This month, Robert Smith learned first hand about the complexities of the ticketing industry when The Cure announced a North American tour. Even after the band opted out of Ticketmaster’s “dynamic” pricing structure, many fans were unable to secure tickets, while others were subjected to exorbitant service fees.
In a new post on his website, Neil Young weighed in on The Cure’s tour drama. “It’s over. The old days are gone,” Young wrote, reposting an article about Smith’s battle for fair prices. “I get letters blaming me for $3,000.00 tickets for a benefit I am doing. That money does not go to me or the benefit. Artists have to worry about ripped off fans blaming them for Ticketmaster add-ons and scalpers.”
Young continued, “CONCERT TOURS are no longer fun. CONCERT TOURS not what they were.” See his full post here.
The Cure made a concerted effort to make their upcoming “Songs of a Lost World” tour accessible to real fans in a landscape dominated by scalpers and exclusive prices. Only those registered for the “Verified Fan” sale could purchase the non-transferrable tickets, and seats went for as low as $20. Still, Ticketmaster skirted these affordability rules by tacking on service fees, facility charges, and processing fees, nearly doubling some fans’ initially projected totals. After protests, Smith convinced the company to refund fans between $5 and $10 on every order.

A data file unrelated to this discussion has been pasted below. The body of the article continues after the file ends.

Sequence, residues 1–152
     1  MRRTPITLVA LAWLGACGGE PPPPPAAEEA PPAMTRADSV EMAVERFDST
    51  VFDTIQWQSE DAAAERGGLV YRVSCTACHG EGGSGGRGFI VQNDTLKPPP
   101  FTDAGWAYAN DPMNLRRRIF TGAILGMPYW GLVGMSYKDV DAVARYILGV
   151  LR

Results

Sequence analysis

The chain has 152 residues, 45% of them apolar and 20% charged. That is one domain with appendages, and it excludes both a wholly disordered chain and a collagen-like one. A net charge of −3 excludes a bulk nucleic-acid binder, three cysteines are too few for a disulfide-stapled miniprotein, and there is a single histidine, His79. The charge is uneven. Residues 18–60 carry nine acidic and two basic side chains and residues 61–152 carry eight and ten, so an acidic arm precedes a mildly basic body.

Smith’s and Young’s comments are the latest in a decades-long belief among musicians and fans that Ticketmaster prevents real fans from witnessing live music. The company has faced heightened scorn and even anti-trust investigation in recent years, especially as it fails to meet demand for the industry’s biggest artists. Just before Smith implored the company to do better, Ticketmaster announced that it would be more transparent about what, exactly, all those service fees mean.
Young just began performing live again after taking a long precautionary break due to the COVID-19 pandemic. In April, he’ll perform at the “Light Up the Blues” autism fundraiser in Los Angeles. Just before then, he’ll release All Roads Lead Home, an album comprised of solo songs by each member of Crazy Horse.